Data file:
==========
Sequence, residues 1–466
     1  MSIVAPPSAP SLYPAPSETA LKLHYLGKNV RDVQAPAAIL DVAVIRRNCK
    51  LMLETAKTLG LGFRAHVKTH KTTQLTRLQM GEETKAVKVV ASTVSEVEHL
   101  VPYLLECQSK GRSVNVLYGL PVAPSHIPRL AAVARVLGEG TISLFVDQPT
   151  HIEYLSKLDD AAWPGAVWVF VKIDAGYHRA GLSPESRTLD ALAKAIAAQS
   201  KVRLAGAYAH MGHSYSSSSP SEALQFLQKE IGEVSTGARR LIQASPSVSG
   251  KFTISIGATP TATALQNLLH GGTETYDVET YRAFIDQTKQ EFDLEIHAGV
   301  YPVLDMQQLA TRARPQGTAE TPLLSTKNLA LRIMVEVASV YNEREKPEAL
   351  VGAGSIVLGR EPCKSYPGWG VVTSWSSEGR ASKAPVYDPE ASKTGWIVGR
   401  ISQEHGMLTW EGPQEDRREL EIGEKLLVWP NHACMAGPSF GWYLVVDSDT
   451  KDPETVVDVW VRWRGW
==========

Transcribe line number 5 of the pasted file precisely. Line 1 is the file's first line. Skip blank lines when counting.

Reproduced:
   151  HIEYLSKLDD AAWPGAVWVF VKIDAGYHRA GLSPESRTLD ALAKAIAAQS